The Defense Department is slowly reducing its senior executive service staff down to 1,260 members over the next four years.
A December 2017 report from Robert Wilkie, the Defense undersecretary for personnel and readiness, outlines just how DoD and the military branches will reduce 158 employees from the senior executive service (SES) staff by 2022.
The reductions were required by Congress in the 2017 defense authorization act and DoD used the last year to come up with an execution plan on how to best shave down its ranks.
DoD will slowly build up the number of employees it will lay off, culminating in nearly 49 SES members being taken off the Pentagon’s payroll in 2022.
The department already began the mandatory cuts in 2017, when it released 10 DoD SES employees.
In 2018, the military as a whole will lay off 11 SES members and in 2019 it will cut another eight. After 2019, the numbers start to pick up. In 2020, DoD will release 20 SES members, 32 more will be cut in 2021 and finally 49 in 2022.
The SES cuts hit every branch of the military, as well as the combatant commands, DoD as a whole and the SES reserve pool.
The Air Force will lose 16 SES members; the Army, 29; the Navy, 32; DoD, 48; the combatant commands, five; and the reserve pool will lose 28, effectively cutting it in half.
While Wilkie’s office will “provide oversight of the reduction, each of the organizations with SES allocations will individually plan for and execute implementation of the assigned cuts,” the report stated.
Congress has been chipping away at what it sees as DoD’s bloated headquarters staff for the past couple of years.
The 2017 defense authorization bill also cut more than just SES members from the DoD payroll.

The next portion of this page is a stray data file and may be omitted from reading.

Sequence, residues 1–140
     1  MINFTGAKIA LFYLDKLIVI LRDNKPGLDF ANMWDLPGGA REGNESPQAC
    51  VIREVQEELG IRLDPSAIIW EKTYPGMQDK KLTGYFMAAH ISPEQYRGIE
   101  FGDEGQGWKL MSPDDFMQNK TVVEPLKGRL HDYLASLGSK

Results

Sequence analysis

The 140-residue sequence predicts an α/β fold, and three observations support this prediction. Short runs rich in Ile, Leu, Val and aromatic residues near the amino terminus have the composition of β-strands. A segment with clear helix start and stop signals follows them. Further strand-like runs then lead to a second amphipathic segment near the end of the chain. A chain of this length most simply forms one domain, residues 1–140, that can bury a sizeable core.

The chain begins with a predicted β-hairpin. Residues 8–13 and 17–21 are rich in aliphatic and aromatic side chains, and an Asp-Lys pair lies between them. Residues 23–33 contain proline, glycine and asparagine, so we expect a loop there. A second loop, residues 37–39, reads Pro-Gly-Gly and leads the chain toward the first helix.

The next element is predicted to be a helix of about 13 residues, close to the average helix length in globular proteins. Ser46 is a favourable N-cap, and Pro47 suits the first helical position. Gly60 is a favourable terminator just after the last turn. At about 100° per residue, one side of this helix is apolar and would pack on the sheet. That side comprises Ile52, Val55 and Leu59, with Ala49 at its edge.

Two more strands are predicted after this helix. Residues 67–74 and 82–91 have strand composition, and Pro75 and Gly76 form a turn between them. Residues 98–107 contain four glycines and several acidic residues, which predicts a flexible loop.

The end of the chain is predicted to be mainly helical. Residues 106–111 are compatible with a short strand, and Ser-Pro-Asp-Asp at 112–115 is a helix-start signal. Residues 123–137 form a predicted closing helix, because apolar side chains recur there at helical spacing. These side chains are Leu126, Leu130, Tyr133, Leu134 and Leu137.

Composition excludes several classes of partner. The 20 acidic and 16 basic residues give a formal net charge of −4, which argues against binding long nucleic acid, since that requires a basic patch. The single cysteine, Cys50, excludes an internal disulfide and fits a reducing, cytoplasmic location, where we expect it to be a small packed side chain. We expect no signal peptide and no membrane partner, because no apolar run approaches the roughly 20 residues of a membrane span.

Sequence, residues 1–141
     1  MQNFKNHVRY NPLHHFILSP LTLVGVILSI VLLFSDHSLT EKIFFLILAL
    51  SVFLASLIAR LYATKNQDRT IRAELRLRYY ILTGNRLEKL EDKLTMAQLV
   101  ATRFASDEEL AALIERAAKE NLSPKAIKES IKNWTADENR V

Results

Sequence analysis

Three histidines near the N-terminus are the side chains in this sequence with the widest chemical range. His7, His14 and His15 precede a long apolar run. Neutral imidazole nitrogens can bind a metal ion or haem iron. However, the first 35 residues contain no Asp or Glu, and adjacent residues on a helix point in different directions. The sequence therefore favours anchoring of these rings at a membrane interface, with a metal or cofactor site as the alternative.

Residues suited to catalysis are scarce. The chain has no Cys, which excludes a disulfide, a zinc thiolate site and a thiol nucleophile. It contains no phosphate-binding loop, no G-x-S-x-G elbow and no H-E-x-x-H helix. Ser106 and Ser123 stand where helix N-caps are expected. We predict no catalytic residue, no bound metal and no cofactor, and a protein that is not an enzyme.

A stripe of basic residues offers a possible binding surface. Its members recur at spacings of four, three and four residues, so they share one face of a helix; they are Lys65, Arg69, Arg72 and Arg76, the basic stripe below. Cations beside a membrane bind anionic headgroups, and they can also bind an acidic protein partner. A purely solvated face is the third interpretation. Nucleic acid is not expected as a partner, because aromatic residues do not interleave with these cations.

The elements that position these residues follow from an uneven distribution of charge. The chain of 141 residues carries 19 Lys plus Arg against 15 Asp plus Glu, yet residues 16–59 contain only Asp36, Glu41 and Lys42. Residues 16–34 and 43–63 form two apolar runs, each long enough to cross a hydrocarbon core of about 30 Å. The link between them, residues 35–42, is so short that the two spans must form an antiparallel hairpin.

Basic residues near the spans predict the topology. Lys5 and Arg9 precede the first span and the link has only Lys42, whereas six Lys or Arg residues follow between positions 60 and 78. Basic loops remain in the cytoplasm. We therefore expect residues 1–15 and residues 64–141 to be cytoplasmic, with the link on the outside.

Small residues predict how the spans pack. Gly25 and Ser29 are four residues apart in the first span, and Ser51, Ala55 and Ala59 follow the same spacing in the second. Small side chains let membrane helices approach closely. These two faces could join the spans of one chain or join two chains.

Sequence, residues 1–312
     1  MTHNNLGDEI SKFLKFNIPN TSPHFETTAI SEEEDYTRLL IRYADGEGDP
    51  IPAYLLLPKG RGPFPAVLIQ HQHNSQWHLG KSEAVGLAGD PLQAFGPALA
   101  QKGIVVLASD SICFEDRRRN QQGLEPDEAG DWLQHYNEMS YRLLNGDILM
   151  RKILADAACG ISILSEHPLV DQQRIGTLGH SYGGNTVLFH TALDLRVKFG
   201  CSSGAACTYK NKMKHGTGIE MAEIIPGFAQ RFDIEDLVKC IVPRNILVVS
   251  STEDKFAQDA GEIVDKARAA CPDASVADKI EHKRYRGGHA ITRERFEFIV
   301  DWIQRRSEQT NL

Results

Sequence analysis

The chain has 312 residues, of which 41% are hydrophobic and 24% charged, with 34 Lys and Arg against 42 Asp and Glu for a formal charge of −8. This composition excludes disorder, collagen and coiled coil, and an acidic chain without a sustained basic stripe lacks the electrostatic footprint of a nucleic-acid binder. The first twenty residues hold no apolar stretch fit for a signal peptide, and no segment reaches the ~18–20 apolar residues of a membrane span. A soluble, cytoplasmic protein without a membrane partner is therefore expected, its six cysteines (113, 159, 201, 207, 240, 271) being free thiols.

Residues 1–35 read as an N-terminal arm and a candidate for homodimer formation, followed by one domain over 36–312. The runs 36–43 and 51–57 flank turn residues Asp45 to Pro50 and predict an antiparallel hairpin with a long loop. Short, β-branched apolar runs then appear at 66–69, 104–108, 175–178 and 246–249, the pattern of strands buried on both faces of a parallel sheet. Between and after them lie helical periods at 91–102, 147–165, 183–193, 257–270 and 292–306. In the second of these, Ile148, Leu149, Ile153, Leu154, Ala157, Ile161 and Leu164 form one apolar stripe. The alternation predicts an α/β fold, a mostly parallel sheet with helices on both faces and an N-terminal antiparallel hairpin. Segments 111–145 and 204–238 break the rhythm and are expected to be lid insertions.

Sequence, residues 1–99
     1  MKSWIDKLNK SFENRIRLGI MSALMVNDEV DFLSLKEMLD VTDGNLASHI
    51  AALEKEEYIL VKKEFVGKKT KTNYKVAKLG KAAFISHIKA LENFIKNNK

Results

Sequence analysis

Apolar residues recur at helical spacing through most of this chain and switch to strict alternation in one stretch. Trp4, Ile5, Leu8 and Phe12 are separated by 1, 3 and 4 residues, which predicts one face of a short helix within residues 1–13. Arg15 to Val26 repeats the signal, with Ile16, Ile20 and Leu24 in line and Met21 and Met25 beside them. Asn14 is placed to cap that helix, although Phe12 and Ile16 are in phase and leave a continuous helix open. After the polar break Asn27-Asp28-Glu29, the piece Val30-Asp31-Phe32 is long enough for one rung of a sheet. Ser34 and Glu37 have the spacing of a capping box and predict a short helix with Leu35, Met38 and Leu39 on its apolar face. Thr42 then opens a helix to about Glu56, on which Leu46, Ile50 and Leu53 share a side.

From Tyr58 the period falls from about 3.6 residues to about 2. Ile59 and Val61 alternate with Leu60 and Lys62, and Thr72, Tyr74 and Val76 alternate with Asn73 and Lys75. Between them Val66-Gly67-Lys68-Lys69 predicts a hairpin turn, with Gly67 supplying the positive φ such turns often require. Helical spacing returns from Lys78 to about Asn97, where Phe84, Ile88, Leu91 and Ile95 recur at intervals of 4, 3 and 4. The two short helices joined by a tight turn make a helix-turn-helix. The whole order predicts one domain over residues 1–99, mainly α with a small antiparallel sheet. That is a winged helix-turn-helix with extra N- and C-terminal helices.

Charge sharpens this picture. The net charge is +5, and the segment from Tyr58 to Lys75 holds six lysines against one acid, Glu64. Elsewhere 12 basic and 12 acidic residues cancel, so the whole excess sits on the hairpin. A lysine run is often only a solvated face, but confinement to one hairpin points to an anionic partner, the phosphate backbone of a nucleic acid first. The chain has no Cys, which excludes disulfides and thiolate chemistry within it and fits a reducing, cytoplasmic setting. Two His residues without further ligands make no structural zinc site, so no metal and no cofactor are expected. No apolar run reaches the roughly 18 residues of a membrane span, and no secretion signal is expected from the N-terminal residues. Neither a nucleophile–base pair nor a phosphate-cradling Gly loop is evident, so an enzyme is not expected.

The law limits the number of civilians assigned to the Office of the Secretary of Defense to 3,767. It limits the number of personnel on the Joint Staff to 1,930 and mandates that no more than 1,500 may be active duty military.
The Senate Armed Services Committee held a series of hearings on DoD waste in 2015 and at the beginning of 2016.
“The growth in defense infrastructure has been continuous. The tendency has been to add, rather than subtract. As we have added more staff, more layers and more infrastructure, we have slowed the decision process, expanded the number of players and made the overall system more risk adverse, at a time when we need to take more risk and make quicker decisions,” Arnold Punaro, a member of the Defense Business Board, told Congress in 2015.
The Defense Department is already on track to make a self-imposed 25 percent cut in headquarters staff by 2020, but Congress wants more staff reductions.
Former Defense Secretary Ash Carter was not excited about the SES cuts or the headquarters trim.
In July 2016 letter to Congress, Carter “strongly” objected to the SES provision, adding the 25 percent cut was arbitrary.
“The Department supports the elimination of unnecessary and excessive executive positions, and has reduced the size of our SES workforce by 105 since 2010. However, any further reductions to SES positions should be made in a deliberate manner following a review and analysis of the impact of such reductions on each component or agency,” the letter stated.